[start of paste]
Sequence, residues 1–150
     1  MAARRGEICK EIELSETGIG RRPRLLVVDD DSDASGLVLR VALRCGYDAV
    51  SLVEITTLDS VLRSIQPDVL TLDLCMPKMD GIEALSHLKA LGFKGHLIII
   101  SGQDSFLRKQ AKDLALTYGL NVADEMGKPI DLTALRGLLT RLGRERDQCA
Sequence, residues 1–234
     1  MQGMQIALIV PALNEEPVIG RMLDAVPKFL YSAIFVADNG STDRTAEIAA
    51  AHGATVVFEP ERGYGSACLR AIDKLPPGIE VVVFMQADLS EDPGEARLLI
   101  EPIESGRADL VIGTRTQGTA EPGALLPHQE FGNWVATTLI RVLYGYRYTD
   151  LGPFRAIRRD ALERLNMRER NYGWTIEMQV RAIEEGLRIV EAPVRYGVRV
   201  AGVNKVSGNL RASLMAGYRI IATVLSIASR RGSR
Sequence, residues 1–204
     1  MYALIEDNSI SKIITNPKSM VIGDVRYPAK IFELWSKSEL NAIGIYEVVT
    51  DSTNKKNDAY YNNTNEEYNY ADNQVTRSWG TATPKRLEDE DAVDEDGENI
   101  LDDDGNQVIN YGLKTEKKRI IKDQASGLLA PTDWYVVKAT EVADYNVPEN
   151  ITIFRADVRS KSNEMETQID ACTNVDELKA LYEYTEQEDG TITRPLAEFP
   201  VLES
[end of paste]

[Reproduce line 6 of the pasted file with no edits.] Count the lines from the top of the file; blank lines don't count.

     1  MQGMQIALIV PALNEEPVIG RMLDAVPKFL YSAIFVADNG STDRTAEIAA